10 Comments

Page 1 of 1
  1. @bighominid
    @bighominid January 31, 2013 at 1:27 am .

    RT @gordsellar: New post: Meditations on Junk, #1: Ugly Koreans/Ugly Americans http://t.co/CiTO1fuE

  2. TKQ
    TKQ January 31, 2013 at 8:37 am . Reply

    That waa a great read. Hope to see more reflections on junk ^^

  3. @JamesTurnbull
    @JamesTurnbull February 1, 2013 at 3:20 pm .

    Meditations on Junk, #1: Ugly Koreans/Ugly Americans http://t.co/XbtpJw2A

  4. Steven
    Steven February 5, 2013 at 3:50 pm . Reply

    First of all: I love reading about SF culture in Korea. This is a side of Korea most expat blogs never even scrape the surface of. And from a Canadian, no less! But I have to take issue with your criticism of this book.

    I actually own this book! I found it in Kyobo back when I first moved to Korea, and it was indispensable in negotiating the dos and don’ts of basic social interactions.

    I found it telling that you described the ‘Ugly Korean’ side of the book as containing a large number of extremely inappropriate behaviours, and the ‘Ugly American’ side as stretching itself over a few minor faux pas, when in fact the book was very well balanced (On the Ugly American side: doing the ‘come here’ gesture with your index finger, jogging without a shirt on, shaking hands too firmly, etc.). Granted, some of the entries seem more like gentle prods for foreigners to no be opinionated jerks (i.e. ‘don’t complain that Seoul is dirty’ **people are actually that fucking rude to bitch to their korean friends about this? WTF?**), and a few of the entries towards the end just feel like filler, but as an introductory reference to manners in Korea, this book is quite useful.

    Notwithstanding your analysis of the particular page you rest the bulk of your argument on here, I would hope that you give the book a better read-through, rather than brashly throwing the baby out with the bathwater.

    Cheers!

  5. Steven
    Steven February 7, 2013 at 4:37 pm . Reply

    Well, for starters, you win for mileage covered in Korea. I’m more of a frequent visitor, with no more than a couple years out of the last five. I’ve lived in Korea for travel, teaching (yep, did the gap year thing), and on business for Canadian companies, but rarely for more than six months at a time, and usually less than one. So I am admittedly naive. I’ve experienced many of the same situations you describe, but I haven’t lived in Korea long enough for it to really get at me.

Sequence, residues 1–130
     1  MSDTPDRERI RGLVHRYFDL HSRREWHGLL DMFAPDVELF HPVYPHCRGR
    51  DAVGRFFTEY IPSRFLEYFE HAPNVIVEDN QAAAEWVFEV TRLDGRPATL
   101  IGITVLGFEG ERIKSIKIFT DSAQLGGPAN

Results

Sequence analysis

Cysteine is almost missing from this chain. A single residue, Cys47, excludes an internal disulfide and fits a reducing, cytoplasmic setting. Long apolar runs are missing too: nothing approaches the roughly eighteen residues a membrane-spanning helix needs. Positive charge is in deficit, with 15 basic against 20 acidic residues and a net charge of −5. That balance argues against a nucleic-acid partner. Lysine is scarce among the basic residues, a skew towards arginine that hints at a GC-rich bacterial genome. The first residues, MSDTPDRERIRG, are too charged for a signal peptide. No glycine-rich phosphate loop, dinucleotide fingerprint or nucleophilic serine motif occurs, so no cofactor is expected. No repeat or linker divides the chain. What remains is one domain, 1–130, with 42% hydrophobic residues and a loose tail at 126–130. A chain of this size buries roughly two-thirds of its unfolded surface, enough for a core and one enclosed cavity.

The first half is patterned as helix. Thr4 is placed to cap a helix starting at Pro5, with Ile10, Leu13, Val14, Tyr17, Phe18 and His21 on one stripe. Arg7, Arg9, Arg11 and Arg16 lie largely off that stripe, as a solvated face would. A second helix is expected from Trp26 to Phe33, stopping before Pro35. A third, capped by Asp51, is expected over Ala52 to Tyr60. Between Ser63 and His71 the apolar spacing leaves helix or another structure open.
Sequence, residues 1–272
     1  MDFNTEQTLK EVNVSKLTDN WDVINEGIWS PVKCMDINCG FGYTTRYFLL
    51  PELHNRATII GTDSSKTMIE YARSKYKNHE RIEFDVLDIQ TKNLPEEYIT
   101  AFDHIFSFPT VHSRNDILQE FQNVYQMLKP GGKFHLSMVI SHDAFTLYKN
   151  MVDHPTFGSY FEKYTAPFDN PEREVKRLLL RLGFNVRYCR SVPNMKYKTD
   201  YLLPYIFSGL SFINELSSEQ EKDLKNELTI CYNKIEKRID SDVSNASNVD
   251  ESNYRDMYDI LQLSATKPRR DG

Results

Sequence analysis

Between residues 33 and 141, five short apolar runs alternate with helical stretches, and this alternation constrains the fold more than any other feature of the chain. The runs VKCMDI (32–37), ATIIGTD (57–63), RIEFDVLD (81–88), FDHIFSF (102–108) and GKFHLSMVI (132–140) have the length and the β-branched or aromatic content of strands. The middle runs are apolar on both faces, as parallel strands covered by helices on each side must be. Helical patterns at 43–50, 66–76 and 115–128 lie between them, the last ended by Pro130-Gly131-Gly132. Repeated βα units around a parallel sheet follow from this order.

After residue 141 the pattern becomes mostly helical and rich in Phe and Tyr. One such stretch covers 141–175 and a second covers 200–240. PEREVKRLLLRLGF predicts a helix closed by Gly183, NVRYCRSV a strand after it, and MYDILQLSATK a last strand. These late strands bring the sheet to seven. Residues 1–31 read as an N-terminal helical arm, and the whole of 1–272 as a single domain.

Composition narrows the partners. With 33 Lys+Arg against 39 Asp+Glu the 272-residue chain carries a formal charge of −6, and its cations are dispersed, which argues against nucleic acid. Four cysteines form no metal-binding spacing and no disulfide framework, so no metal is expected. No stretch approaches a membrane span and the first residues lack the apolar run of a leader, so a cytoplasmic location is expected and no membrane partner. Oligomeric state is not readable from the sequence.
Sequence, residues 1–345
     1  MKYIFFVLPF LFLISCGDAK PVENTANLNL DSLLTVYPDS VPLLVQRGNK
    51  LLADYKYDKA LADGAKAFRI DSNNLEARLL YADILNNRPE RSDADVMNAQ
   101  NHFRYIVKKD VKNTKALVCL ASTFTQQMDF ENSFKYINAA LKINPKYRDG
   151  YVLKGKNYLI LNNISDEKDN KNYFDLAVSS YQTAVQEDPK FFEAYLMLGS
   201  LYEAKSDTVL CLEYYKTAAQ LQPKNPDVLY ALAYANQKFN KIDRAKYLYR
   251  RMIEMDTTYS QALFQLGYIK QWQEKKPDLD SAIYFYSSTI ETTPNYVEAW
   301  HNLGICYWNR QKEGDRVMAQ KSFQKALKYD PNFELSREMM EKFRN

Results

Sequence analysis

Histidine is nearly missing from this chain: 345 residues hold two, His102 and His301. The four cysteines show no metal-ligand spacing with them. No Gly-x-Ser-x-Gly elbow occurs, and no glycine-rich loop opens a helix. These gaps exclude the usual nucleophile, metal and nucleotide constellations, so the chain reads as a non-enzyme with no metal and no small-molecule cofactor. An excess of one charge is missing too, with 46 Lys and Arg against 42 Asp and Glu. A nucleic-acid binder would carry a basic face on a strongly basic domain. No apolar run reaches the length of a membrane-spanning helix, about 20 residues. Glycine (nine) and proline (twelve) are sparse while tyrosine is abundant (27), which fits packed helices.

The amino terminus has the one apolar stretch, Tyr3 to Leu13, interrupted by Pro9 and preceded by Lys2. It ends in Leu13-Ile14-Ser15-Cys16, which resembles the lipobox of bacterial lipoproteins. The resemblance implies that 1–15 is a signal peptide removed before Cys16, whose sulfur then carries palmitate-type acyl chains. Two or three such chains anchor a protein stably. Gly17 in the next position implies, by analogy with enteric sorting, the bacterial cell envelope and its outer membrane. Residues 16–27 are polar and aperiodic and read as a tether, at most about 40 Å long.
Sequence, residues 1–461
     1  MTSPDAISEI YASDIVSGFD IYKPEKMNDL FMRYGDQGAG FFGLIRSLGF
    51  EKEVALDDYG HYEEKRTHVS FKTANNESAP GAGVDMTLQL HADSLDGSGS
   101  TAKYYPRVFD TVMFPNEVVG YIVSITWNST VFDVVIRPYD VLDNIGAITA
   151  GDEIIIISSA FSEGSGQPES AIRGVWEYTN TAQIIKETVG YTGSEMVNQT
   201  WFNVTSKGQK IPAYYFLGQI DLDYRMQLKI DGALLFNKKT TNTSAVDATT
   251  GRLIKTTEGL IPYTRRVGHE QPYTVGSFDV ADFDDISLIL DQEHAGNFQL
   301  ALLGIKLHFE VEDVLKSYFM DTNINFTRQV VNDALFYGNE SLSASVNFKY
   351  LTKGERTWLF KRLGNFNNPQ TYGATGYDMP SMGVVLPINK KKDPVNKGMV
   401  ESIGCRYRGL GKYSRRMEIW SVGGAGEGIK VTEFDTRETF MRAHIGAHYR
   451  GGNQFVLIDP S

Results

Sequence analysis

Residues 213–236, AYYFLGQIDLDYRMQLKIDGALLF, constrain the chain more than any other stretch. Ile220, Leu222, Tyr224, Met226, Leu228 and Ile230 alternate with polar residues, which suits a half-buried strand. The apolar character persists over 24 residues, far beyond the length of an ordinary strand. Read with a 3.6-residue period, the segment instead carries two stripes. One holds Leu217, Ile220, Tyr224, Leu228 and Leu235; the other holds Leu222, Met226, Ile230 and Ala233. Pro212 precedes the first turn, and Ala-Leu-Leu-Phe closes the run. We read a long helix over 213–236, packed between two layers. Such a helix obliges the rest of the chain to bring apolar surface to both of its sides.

I approach Korea with the attitude of a guest in someone’s house (learning very early one that as a foreigner you will only ever be a ‘guest’ in Korea), and I saw this book as being a reminder to take your shoes off when you come in the door. As a foreigner, you will always be held to a double standard … a resident of a home can comfortably complain of the smell and the dust, but it would be the height of rudeness for a houseguest to do so. The book helped me understand why some people seemed mildly shocked when I did certain things (like gesture with my index finger), but the only folks who were really bothered when I messed up some of these ‘rules’ were the old trolls and the angry xenophobes — but every country’s got those.

    As for the many many exceptions to the rules listed in the book, I think it is important to keep in mind the generation of the author. Having lived in Korea for ten years, I’m sure you can tell more than I can how quickly things have changed there. His understanding of etiquette and his perception of foreigners’ behavior and attitudes is far different than the college students you teach.

    Regarding running without a shirt: I hail from Vancouver these days, so its actually hard to find someone here who actually jogs WITH their shirt on. And there were times when I first arrived in Seoul when I was tempted to rip my shirt off and go for a run (that desire was quickly extinguished when I first experienced the smog that blows in mid-spring).

    For most of my residency I lived outside of Seoul, and much of that was in the Jeju countryside. So I can’t speak to your experience in Bucheon because, well, Jeju is freaking fantastic. It’s like it’s not even the same country. It smells great. And the people are awesome. They’re like the Newfies of Korea.

    As for handshakes, the only people who would be disturbed by an overly-firm handshake would be your elders, so it’s a good thing to know if you want to make a good first impression. But, like you say the content of many of these tips is only as useful insofar as it can be reference for a newbie.

  6. KingSejong (@KingSejong)
    KingSejong (@KingSejong) February 13, 2013 at 4:26 pm .

    Meditations on Junk, #1: Ugly Koreans/Ugly Americans | http://t.co/z62ZYFfd: http://t.co/9B2ZfEay

Post Comment

Current ye@r *